Friday, October 5, 2012

How will US jobless rate report october 5 2012

How will US jobless rate report october 5 2012, Unemployment rate September  2012, US NonFarm Payrolls report october 5 2012 : The jobless rate in the U.S. probably rose in September as employers limited hiring, keeping the labor market’s lack of progress at the center of Federal Reserve deliberations and the presidential election.

Unemployment increased to 8.2 percent last month from 8.1 percent in August, according to the median projection of 88 economists surveyed by Bloomberg. Payrolls climbed by 115,000 workers, less than the 139,000 average over the first eight months of the year, the report may also show.

Joblessness that’s exceeded 8 percent for an unprecedented 43 months is restraining incomes and impeding consumers’ ability to support the economy as global demand and business investment wane. Today’s release marks the second-to-last jobs report before the November elections as President Barack Obama and Republican challenger Mitt Romney debate who’s best equipped to boost employment.

The Labor Department will issue the report at 8:30 a.m. in Washington. Payroll estimates in the Bloomberg survey ranged from gains of 60,000 to 165,000.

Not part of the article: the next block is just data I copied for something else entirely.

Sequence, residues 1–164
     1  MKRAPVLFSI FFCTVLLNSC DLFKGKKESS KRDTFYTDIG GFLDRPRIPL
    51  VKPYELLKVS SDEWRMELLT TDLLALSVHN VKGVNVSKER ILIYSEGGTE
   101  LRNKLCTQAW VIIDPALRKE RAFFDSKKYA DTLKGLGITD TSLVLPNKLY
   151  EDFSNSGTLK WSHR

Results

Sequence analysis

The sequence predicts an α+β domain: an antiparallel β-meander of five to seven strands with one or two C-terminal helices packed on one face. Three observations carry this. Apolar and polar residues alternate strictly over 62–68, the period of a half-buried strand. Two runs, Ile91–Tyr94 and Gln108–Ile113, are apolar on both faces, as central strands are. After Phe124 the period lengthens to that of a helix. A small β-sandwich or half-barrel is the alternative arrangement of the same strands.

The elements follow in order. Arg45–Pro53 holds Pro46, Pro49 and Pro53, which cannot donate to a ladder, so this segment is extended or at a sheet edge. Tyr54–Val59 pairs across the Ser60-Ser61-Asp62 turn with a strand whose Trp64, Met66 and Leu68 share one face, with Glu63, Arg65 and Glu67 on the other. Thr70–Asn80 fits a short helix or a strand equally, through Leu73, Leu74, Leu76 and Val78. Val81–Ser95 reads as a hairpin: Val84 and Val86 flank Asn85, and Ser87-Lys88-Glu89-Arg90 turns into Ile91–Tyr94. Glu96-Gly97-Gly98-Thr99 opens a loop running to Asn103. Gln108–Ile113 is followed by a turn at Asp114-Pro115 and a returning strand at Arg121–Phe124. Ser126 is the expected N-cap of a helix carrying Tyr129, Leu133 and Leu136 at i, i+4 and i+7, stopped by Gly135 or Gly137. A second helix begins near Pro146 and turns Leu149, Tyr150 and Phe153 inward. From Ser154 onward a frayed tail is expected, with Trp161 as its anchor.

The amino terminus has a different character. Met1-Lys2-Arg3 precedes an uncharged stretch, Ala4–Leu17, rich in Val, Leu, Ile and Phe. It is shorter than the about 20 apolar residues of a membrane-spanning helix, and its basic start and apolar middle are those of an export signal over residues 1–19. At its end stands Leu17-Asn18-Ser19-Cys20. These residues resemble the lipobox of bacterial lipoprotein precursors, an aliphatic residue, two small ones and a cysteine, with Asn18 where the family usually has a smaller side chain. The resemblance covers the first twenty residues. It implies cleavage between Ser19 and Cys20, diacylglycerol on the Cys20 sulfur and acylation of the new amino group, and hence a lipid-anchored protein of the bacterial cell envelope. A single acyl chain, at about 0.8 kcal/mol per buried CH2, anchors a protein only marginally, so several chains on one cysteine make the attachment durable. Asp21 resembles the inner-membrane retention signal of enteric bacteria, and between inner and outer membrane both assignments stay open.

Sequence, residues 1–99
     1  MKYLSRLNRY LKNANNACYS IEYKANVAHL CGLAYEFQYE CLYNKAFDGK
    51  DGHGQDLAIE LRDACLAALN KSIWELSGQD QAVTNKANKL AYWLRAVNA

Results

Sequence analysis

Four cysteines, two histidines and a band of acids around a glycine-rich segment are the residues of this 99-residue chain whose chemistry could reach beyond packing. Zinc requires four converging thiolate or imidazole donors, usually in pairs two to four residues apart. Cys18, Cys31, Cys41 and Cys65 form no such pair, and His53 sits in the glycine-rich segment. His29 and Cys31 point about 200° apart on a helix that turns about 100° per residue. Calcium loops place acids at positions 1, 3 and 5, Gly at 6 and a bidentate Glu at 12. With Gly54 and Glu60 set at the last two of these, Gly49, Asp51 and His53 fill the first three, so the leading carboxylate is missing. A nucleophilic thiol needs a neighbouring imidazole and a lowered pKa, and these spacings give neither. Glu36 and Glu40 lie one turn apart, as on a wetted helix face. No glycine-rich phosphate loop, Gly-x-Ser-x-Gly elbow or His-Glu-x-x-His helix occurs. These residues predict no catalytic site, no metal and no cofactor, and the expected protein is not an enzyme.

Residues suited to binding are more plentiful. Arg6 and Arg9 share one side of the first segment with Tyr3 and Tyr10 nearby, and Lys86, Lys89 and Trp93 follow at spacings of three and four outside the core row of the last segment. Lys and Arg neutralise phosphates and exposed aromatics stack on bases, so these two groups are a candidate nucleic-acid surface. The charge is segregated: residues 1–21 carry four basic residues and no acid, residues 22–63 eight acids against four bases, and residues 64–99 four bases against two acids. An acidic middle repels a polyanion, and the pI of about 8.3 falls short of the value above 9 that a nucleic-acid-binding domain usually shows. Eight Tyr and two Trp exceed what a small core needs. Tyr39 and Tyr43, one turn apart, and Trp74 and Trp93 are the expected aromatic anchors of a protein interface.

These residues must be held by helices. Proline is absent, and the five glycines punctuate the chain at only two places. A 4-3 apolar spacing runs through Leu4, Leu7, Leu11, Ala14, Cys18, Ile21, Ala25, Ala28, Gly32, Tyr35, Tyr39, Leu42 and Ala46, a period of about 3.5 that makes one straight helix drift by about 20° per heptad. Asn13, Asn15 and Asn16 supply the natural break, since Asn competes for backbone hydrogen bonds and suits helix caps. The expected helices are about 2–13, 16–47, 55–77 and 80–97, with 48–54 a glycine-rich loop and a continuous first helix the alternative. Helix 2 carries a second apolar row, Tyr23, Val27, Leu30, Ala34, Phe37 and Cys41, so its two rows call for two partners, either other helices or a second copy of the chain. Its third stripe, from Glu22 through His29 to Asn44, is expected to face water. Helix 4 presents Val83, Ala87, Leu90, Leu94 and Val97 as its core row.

September’s projected increase suggests headcounts rose by an average of 117,000 each month in the third quarter, the second-weakest pace in two years.

Private payrolls, which exclude government jobs, probably climbed by 130,000 after rising 103,000 in August, economists anticipate the report will show.

Persistent Unemployment

The unemployment rate, derived from a survey of households, has topped 8 percent since February 2009, the longest stretch in monthly records dating back to 1948. The U.S. economy has so far recovered about 4.1 million of the 8.8 million jobs lost in the wake of the 18-month recession that ended in June 2009.

Only one president, Ronald Reagan, has been re-elected since World War II with unemployment above 6 percent. On Election Day 1984, the rate was at 7.2 percent, having fallen almost three percentage points in the previous 18 months.

To boost employment, Obama last September proposed the American Jobs Act, which would cut payroll taxes for workers and employers, provide aid to states and increase spending on public-works projects. Romney has vowed to create 12 million new jobs as part of a plan that includes developing the energy sector and reducing taxes. The two debated this week.

Bond Purchases

Warning that it can’t combat a slowdown in growth caused by stricter fiscal policy, the Fed last month said it would hold its target interest rate near zero until at least mid-2015 to stimulate more hiring. The central bank also began a third round of stimulus, buying $40 billion in mortgage bonds a month. The S&P 500 rose to 1,465.77 the next day, the highest close since December 2007.

The S&P 500 Index last week had its biggest weekly slump since June amid disappointing economic data, including a plunge in orders for durable goods and stalled consumer spending.

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